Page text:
The song "Respect" is very well known with Aretha Franklin as the singer and very rightly so but I hope you know that the song was written by Otis Redding! We lost Otis Redding very early, in 1967 in a plane crash when he was only 26 years old. (The smash hit, "Sitting On The Dock of the Bay" was released just days after his death.) Besides being an incredible songwriter, he was an amazing singer. We lost Aretha Franklin in 2018. Both are gone now but we still have their songs to enjoy.
By now, you must be thinking how does Robert Louis Stevenson somehow work into this topic on respect? Here is what sparked this connection: Several months ago, on an episode of "Jeopardy" all three contestants could not answer the final Jeopardy, which was this: "When he died in Samoa in 1894, his obituary said, 'He loved Samoa better than any other place, except Scotland.' Of course, the answer is Robert Louis Stevenson! (Except on Jeopardy, all answers are in the form of a question, so I was saying, "Who is Robert Louis Stevenson!" to the TV!) Now, these contestants had hardly missed a single clue on this show and yet, not one of them could answer that correctly! I would be interested to know if this is true in other countries but in the USA, teachers did not encourage students to read any of the books by Robert Louis Stevenson. His books, "Treasure Island" and "The Strange Case of Dr. Jekyll and Mr. Hyde" are the most well known. So, in America his books were relegated to the children's books section and the horror section. (And yes, he also wrote the very popular, "A Child's Garden of Verses" but we should not think that is all that he wrote! And even if that were so, I very much respect authors who write for children!) In the Norton Anthology of English Literature, he was completely excluded from 1968 to 2000. What does someone have to do to get respect, for Pete's sake? Not only was he an outstanding writer but I think he was a fascinating person as well. I have read that in the last part of the 20th century, his writings received more attention and praise.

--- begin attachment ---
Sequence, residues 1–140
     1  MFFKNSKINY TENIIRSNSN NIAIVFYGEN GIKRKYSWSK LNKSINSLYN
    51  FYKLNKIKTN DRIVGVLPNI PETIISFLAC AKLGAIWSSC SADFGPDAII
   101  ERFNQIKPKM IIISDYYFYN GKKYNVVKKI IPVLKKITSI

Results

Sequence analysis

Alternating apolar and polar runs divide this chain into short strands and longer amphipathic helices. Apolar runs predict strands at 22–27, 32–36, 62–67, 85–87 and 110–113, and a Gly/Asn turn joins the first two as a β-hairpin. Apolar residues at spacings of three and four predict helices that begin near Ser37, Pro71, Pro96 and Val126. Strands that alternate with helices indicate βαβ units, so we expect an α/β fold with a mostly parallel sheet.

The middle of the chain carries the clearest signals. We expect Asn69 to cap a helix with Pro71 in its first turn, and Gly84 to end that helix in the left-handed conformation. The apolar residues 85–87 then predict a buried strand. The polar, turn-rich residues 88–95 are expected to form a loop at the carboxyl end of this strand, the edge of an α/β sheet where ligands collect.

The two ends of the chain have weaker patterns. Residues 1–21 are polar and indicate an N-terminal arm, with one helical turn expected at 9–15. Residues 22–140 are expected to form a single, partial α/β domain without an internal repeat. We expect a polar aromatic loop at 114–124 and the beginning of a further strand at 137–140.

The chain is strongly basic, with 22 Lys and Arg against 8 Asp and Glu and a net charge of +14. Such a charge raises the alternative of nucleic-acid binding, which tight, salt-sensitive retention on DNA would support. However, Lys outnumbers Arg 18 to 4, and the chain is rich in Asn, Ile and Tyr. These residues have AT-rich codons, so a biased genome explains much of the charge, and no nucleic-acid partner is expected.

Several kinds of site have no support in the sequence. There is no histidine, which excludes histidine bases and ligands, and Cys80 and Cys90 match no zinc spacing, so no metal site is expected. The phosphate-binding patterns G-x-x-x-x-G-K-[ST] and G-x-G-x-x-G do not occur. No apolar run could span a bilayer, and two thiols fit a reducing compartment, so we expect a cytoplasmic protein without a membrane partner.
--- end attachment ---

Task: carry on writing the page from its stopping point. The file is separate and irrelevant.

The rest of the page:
If you want to see a list of all his writings, you may go to this website just here.
While there, make sure you read about the letter that he wrote defending Father Damian in Hawaii. And his friendship with King Kalakaua of Hawaii and the king's daughter, Princess Kaiulani. I think this says quite a bit about the character of Robert Louis Stevenson. (Once again, the life of Princess Kaiulani...how fascinating! You may read more just here!)
Born in Edinburgh, Scotland in 1850, Robert Louis Stevenson suffered from poor health for much of his life and he only lived to be 44 years of age. He traveled to many countries and wrote stories from each place he visited. He married an American woman named Fanny Osbourne. I think she was fascinating in her own right! You may read her story just here. On a personal note, I was thrilled to read the book "Sailing Alone Around The World" and Joshua Slocum stopped in Samoa on his journey and visited with Fanny Stevenson! What a charming host she was to him! (His voyage was from 1894 until 1898, so the visit would have been after Robert Louis Stevenson's death.) I am not sure how long she stayed after his death, because she did go to California to live and...well, read about her! I think her life would make a great film and to combine her story with the writer, Robert Louis Stevenson...well, another movie that needs to be made!)
Here are a few quotes from Robert Louis Stevenson that I like:
"Keep your fears to yourself but share your courage with others."
"Don't judge each day by the harvest you reap but by the seeds that you plant."
"Our business in this world is not to succeed, but to continue to fail, in good spirits."
Continue to fail, in good spirits...I don't know about you, but that is the kind of person that makes you smile and gently gives you inspiration. And I think someone like that deserves our respect.
I might have shown you this photo before, it is the pier from Eastbourne, completed in 1872!
AND I am happy to tell you that when we were putting away our Christmas decorations, we found the blue Christmas tree! It is only a little tree, very inexpensive but Richard enjoyed taking photos of the lights on the wall with the afternoon sun. So, we will have it next year! "It's not a bad little tree, it just needs a little love." And respect! (And someone who won't forget where it is stored.)